From September 23, 1938 – After a delay of six days due to a hurricane hitting the New York area, play is resumed at the U.S. Championships at the West Side Tennis Club at Forest Hills as Don Budge keeps his dream of being the first player to win a Grand Slam alive by beating 1931 Wimbledon champion Sidney Wood 6-3, 6-3, 6-3 in the men’s semifinals. Advancing to play Budge in the final is his unseeded doubles partner, Gene Mako, who defeats Australia’s John Bromwich 6-3, 7-5, 6-4 in the other men’s semifinal. In women’s singles semifinals, Alice Marble beats Sarah Palfrey Fabyan 5-7, 7-5, 7-5, saving two match points at 2-5, 15-40 in the second set, while Nancye Wynne defeats Dorothy Bundy 5-7, 6-4, 8-6.

Gun Shots At The US Open

James Reilly, a 33-year-old resident of New York City, was shot in the left thigh at the U.S. Open while viewing a third-round night match. This was the news that came out of the U.S. Open on September 4, 1977 as Mr. Reilly was shot while he was a spectator at the John McEnroe – Eddie Dibbs third-round night match at the U.S. Open at the West Side Tennis Club in Forest Hills.

The shooting, from a .38 caliber gun, occurred at the start of the match near Portal 8 in the north section of the stadium and delayed play for about six minutes as Reilly was taken from the stands to the first aid station and then to nearby St. John’s Hospital. Most of the 6, 943 fans in attendance were not aware that a shooting had occurred. Police concluded it was likely a shot that came from outside the stadium.

McEnroe wins the best-of-three set match 6-2, 4-6, 6-4. For more unusual happenings in the world of tennis, pick up a copy of the book ON THIS DAY IN TENNIS HISTORY ($19.95, New Chapter Press, www.TennisHistoryBook.com)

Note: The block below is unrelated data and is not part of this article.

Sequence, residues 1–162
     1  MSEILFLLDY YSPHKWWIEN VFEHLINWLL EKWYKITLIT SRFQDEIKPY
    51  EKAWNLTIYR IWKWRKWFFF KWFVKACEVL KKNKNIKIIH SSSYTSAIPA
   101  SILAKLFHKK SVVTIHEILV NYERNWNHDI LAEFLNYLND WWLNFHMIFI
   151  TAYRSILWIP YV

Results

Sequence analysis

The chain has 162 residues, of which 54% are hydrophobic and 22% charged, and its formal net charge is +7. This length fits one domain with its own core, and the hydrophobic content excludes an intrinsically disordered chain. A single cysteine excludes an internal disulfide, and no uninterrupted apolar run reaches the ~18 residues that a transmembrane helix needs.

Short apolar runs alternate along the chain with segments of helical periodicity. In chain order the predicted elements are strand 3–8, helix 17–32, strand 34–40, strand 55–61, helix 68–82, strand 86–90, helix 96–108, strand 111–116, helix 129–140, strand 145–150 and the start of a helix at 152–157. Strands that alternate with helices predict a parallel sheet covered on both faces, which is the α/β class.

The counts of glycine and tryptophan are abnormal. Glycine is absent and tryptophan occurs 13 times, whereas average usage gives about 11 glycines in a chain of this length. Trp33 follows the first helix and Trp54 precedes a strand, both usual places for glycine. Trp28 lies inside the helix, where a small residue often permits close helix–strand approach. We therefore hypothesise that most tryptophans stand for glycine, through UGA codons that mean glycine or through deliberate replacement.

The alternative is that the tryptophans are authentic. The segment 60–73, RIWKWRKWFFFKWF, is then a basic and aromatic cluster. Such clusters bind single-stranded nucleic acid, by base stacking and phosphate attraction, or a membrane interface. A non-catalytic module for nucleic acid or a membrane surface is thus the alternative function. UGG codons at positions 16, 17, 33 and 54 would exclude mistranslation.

Ted Kennedy Was An Avid Tennis Player, Fan

The United States, as well as many around the world, mourn the death of U.S. Senator Ted Kennedy, called by many as one of the greatest U.S. lawmakers ever and the youngest brother of U.S. President John F. Kennedy.

Kennedy was an avid tennis player and fan for most of his life and was a member of his high school tennis team at Milton Academy. He also participated annually in the Robert F. Kennedy Celebrity tennis tournament at the West Side Tennis Club in Forest Hills, a very popular event in the 1970s.  Later in life, Kennedy used his tennis racquet to hit tennis balls for his dogs to retrieve.

kennedy-1 Eunice, Bobby, Ted and Jean Kennedy, left to right, children of Mr. and Mrs. Joseph P. Kennedy, line up on the tennis court of the Kennedy Estate at Palm Beach, Fla., in 1941.

kennedy-2

kennedy-3 Kennedy at the Robert F. Kennedy Celebrity tennis tournament at Forest Hills…

Andy Roddick: A Sporting Gesture

Andy Roddick may have performed his best act when he married Sports Illustrated model Brooklyn Decker last month, but his act of sportsmanship at the 2005 Italian Open would rank high as well. The following excerpt from the May 5 chapter of the book ON THIS DAY IN TENNIS HISTORY ($19.95, New Chapter Press, www.tennishistorybook.com) details what happened.

May 5

2005 – Andy Roddick performs one of the greatest gestures of sportsmanship on a tennis court when he overturns an apparent double-fault – that would have given him the match – and eventually loses to Spain’s Fernando Verdasco 6-7 (1), 7-6 (3), 6-4 in the round of 16 of the Italian Open in Rome.  Roddick is leading 5-3 in the second set and has triple match point with Verdasco serving. Verdasco’s serve appears to land just wide and is called out by the linesperson. Roddick, however, says the ball was in after checking the mark on the clay court and concedes the second serve ace to Verdasco. “I didn’t think it was anything extraordinary,” says Roddick. “The umpire would have done the same thing if he came down and looked. I just saved him the trip.”  Famed American sports journalist Frank Deford say on National Public Radio of the gesture, “In one moment with victory his for the taking – no, not for the taking – is given, is assumed, Andy Roddick went against the way of the world and simply instinctively did what he thought was right. Once upon time we called such foolish innocents sportsmen.”

1981 – New Yorkers John McEnroe and Vitas Gerulaitis are eliminated from the WCT Tournament of Champions at the West Side Tennis Club in Forest Hills, N.Y. McEnroe is defeated by Brazil’s Carlos Kirmayr 5-7, 7-6 (7), 6-2 in a second-round match, while Gerualitis is defeated by fellow American Fritz Buehning 7-5, 7-5. McEnroe holds a match point in the second-set tie-break but is unable to convert, while Gerulaitis loses the last six games of the match after taking a 5-1 lead in the second set. ”Inexcusable,” says McEnroe of the loss. ”He ran me around like a yo-yo and he deserved to win.”